How Electronic Musicians Showed Love For Anime!

Electronic musicians are no strangers to anime. In fact, they’ve contributed significantly and enriched the medium in many ways. Let’s discover why anime and electronic music have such a harmonious relationship.

Electronic Music & Anime

Kraftwerk, Wireframe Clip, Live Performance When Vangelis, Giorgio Moroder, and Kraftwerk picked up their first synthesizers, they embarked on a journey that would change contemporary music forever. These early pioneers made major inroads in the realms of film composition, dance music, and popular music that inspired generations of musicians, bedroom producers, and DJs across the globe.

These luminaries may have set the ball rolling, but many electronic artists that followed took things in a different direction with plenty of love for anime!

GIF of Kraftwerk depicted as wireframe models

The Ryuichi Sakamoto Effect

Shirotsugh "Shiro" Lhadatt in the pilot's seat, Shirotsugh "Shiro" Lhadatt, Royal Space Force: The Wings of Honneamise

Still of Shirotsugh Lhadatt in the pilot’s seat from Royal Space Force: The Wings of Honneamise

Many people think that electronic music is cold and mechanical. Some even doubt that it’s real music because of the production method, which involves computers and synthesizers instead of traditional instruments (in most cases). Of course, these people are wrong, as there are plenty of electronic musicians that create rich, dynamic, and emotive music – that will blow anyone’s socks off!

One musician that has created soul-stirring electronic soundscapes is Ryuichi Sakamoto. In 1977, he was part of a trio that formed Yellow Magic Orchestra (YMO) and was hugely influential in the electropop, synthpop, and cyberpunk scenes of that time. They were true innovators that enjoyed a significant amount of international success. However, Sakomoto’s solo career is just as interesting when one considers that he composed Royal Space Force: The Wings of Honneamise’s soundtrack.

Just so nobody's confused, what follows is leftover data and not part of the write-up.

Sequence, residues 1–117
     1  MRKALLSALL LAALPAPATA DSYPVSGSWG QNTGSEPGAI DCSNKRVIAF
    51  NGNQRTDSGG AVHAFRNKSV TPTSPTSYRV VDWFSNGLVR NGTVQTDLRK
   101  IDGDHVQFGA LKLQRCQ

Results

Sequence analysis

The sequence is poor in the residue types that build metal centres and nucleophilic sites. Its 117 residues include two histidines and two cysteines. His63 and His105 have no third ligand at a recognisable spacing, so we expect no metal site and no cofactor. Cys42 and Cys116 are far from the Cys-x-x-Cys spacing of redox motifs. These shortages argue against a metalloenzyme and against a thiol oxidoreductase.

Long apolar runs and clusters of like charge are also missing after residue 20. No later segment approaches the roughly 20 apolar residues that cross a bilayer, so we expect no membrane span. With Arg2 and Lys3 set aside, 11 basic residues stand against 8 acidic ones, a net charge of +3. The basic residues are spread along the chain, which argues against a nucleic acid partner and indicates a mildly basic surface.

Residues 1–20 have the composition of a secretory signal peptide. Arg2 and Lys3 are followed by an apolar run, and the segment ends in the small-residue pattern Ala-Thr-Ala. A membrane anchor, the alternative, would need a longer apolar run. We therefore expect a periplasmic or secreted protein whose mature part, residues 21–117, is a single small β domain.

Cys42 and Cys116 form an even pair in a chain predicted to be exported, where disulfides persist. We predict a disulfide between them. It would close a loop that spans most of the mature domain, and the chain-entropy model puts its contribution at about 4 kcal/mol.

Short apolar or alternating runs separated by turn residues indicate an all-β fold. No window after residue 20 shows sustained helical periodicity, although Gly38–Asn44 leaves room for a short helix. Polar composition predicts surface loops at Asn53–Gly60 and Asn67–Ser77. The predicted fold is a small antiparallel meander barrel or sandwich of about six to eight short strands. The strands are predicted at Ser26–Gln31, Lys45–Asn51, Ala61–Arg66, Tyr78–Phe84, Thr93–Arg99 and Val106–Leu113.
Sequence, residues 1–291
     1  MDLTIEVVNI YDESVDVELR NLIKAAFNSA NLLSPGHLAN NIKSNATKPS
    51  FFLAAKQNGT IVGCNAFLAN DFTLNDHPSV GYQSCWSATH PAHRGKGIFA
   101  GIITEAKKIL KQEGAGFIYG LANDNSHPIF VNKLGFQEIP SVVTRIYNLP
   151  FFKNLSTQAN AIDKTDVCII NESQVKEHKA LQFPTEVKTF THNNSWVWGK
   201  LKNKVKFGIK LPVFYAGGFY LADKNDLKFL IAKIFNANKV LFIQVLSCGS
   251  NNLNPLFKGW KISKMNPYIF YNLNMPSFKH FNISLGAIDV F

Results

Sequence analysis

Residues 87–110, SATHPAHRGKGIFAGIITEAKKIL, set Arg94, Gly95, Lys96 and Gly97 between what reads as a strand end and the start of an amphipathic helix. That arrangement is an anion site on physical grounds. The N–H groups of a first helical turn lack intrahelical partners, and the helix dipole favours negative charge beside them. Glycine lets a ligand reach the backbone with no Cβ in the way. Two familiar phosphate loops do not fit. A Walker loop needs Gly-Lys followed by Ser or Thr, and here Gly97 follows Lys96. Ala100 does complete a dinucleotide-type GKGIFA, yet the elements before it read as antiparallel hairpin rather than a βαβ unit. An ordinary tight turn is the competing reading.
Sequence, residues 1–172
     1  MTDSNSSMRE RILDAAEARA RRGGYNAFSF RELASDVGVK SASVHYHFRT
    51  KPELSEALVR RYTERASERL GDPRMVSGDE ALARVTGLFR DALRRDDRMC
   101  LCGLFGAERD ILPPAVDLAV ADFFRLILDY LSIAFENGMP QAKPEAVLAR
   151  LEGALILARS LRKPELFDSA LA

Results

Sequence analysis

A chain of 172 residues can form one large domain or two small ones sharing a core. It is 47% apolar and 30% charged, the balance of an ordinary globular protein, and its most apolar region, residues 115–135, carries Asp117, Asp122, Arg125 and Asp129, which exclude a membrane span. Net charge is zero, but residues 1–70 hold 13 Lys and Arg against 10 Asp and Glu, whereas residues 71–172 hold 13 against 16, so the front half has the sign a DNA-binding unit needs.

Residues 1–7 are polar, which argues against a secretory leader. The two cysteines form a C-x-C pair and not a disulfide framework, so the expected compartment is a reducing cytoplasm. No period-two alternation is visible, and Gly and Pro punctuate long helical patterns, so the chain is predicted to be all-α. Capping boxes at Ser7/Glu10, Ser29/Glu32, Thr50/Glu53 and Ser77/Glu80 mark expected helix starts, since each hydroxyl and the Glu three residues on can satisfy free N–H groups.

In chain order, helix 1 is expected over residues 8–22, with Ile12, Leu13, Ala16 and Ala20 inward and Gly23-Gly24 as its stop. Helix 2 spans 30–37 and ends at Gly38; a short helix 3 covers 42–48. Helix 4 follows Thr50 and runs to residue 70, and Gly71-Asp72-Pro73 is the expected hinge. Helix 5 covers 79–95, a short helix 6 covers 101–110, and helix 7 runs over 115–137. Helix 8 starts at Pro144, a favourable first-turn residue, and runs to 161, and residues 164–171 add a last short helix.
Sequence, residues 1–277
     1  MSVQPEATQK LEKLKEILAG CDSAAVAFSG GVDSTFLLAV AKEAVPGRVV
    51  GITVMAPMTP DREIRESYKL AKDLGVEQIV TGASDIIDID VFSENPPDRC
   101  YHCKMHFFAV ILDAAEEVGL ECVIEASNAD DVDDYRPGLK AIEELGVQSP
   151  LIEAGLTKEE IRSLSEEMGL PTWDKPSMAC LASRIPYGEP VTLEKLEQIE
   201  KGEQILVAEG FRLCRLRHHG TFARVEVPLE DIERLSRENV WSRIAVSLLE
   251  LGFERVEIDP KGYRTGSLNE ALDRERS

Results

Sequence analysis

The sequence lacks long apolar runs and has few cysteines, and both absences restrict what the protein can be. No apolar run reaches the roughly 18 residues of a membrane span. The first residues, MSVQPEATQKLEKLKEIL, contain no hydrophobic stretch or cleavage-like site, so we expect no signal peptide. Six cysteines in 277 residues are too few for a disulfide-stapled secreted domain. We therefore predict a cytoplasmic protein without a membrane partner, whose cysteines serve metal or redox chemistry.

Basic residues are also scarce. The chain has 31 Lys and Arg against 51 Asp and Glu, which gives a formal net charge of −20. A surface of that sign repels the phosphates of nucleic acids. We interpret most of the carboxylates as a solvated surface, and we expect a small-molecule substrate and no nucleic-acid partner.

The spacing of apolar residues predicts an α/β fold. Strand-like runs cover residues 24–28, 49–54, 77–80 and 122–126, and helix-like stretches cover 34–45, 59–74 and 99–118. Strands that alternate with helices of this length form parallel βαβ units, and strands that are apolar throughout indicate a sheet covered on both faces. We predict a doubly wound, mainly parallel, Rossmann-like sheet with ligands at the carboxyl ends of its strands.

There’s no denying that The Wings of Honneamisse’s production values were sky high, with some mightily impressive visuals. But Ryuichi Sakamoto’s score is so masterful that it encapsulates every scene in the film perfectly. His bizarre ambient sounds harmonize with the melancholic piano chords and percussive elements of the score, to the point where it seems almost otherworldly. And that’s also the reason why it’s so damn memorable!

A Change in Space and Time

Cobra smoking a cigar, Cobra, Space Adventure Cobra: The Movie

Still of Cobra smoking a cigar from Space Adventure Cobra

The 1982 theatrical release of Space Adventure Cobra featured a soundtrack that was typical of anime productions of that era. The opening theme “Daydream Romance” by Shigeru Matsuzaki was jazzy and melodic, but also incredibly cheesy to the point where it would make one cringe. But to be fair, that suits the persona and antics of a certain playboy space pirate!

When Manga Entertainment released Space Adventure Cobra in British theaters back in 1995, they dubbed it with a different soundtrack by the Swiss electronic band Yello.

So, was this a bad idea? Not quite, as Yello’s opening theme song “”Drive / Driven” set an entirely different tone. It’s a far sexier, sublime, and listenable song when compared to the original opening theme, while also working incredibly well with the visuals. Ultimately, Yello’s contributions helped to make the film more palatable to the tastes of a western audience and elevate its status in that market.

Something Stellar

Daft Punk happy and bewildered, Daft Punk, Interstella5555: The 5tory of The 5ecret 5tar 5ystem